Corporate decision making, especially as it pertains to high-level strategy, is typically an involved process, requiring multiple meetings, evaluation of alternatives and forecasts, and outside consultation. Internal checks and bureaucracy can further add to the time it takes to reach a resolution.  

In crises, when companies need to change direction in a short space of time, this approach can be counter-productive at best and severely damaging at worst. That’s why many businesses shifted to alternative processes that allowed high-level managers and C-suite executives to act quickly outside of usual constraints. This has led to many notable corporate pivots, particularly in the events industry.  

The ways in which expedited decision-making responsibility is allocated within a company should be explicitly outlined in contingency plans, thus allowing for a fast transition when the need arises.  

2. Creation of Up-to-Date and Flexible Digital Infrastructures 

Throughout the pandemic, many companies have discovered a direct correlation between resilience and digital “maturity”. Companies that could rely on already-established, up-to-date digital infrastructures, or were able to build them quickly, transitioned to remote working practices much more effectively and with little training required.  

Technology enables businesses of all sizes to respond to unforeseen situations with a level of speed that simply isn’t possible with legacy systems. Everything from hiring new staff to establishing new supply chains to processing important documents becomes easier with access to an up-to-date, integrated software suite and cloud-based computing hardware.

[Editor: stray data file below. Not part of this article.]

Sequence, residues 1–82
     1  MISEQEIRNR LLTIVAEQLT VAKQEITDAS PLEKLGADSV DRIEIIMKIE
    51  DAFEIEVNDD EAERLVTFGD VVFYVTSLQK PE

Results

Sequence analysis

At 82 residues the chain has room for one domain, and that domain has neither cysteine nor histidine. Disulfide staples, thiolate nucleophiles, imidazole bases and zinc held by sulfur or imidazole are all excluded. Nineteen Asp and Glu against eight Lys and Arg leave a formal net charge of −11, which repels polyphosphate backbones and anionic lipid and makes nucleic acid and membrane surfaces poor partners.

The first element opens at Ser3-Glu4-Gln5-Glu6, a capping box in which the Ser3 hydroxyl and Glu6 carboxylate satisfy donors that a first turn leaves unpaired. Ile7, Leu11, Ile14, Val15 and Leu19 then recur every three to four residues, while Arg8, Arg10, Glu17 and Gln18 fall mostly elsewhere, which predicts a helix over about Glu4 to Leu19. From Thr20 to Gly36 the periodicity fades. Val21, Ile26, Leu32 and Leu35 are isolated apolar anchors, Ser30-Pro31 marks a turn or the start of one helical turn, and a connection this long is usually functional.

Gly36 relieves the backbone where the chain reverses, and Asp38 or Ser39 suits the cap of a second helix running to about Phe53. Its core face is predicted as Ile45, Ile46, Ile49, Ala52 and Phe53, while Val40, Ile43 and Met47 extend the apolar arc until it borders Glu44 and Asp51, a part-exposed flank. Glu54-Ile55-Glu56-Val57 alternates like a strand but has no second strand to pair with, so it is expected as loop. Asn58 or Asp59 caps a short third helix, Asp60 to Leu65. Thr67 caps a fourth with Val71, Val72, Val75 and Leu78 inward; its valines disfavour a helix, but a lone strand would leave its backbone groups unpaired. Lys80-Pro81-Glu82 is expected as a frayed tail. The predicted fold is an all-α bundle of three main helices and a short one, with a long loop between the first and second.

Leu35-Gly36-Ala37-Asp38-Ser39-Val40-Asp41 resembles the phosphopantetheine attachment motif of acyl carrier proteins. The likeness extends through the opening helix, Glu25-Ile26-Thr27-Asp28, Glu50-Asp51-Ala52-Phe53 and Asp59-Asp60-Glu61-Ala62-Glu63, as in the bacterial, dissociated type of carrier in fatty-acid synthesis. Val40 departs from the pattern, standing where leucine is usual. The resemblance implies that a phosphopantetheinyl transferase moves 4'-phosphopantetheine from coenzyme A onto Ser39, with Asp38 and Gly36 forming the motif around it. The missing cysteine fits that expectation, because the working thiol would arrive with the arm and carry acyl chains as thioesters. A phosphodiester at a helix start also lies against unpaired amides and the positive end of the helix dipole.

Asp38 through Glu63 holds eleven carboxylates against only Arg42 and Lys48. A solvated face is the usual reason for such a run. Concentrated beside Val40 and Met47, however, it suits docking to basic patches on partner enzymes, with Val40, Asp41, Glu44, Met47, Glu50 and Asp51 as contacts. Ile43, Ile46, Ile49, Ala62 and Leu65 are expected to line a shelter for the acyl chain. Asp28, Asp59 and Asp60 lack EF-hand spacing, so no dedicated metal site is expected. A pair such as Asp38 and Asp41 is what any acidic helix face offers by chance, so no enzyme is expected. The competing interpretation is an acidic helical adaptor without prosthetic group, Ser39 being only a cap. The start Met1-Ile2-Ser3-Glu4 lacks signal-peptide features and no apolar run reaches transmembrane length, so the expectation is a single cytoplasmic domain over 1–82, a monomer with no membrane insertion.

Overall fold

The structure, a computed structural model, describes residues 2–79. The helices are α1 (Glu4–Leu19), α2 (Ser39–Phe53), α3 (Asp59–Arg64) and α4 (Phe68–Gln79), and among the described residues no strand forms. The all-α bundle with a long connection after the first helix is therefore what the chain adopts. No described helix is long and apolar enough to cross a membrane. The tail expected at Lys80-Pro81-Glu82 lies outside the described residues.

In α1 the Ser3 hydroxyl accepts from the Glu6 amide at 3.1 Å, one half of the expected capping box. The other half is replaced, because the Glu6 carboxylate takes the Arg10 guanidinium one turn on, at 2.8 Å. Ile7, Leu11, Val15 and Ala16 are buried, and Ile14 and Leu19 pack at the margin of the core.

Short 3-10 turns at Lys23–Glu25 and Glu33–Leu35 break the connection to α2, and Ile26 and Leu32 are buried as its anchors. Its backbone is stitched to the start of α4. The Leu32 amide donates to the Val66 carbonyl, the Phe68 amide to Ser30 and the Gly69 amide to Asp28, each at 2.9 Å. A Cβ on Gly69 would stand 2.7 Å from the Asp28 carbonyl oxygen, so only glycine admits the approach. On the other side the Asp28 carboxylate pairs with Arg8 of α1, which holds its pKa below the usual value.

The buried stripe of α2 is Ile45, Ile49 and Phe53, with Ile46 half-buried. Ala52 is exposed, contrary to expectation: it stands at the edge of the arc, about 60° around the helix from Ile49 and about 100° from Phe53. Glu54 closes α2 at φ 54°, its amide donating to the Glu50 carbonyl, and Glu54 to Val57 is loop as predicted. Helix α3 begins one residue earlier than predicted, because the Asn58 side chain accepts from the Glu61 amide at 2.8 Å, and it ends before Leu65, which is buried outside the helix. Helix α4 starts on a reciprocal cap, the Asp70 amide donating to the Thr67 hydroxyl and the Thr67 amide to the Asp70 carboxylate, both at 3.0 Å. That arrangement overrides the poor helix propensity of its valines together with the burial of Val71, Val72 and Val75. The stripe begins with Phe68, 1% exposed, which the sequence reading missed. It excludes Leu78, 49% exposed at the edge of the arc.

3. Renewed Focus on Ongoing Crisis Planning 

While the broader economy has been detrimentally affected by COVID-19, with rising unemployment and corporate layoffs, certain sectors of the job market have grown. One such example is crisis management, where skilled individuals are facing increased demand. And this growth is indicative of a renewed focus on crisis planning.  

A crisis management plan is an established protocol within a company that is designed to be implemented whenever an emergency arises, whether that emergency is societal, environmental or organizational.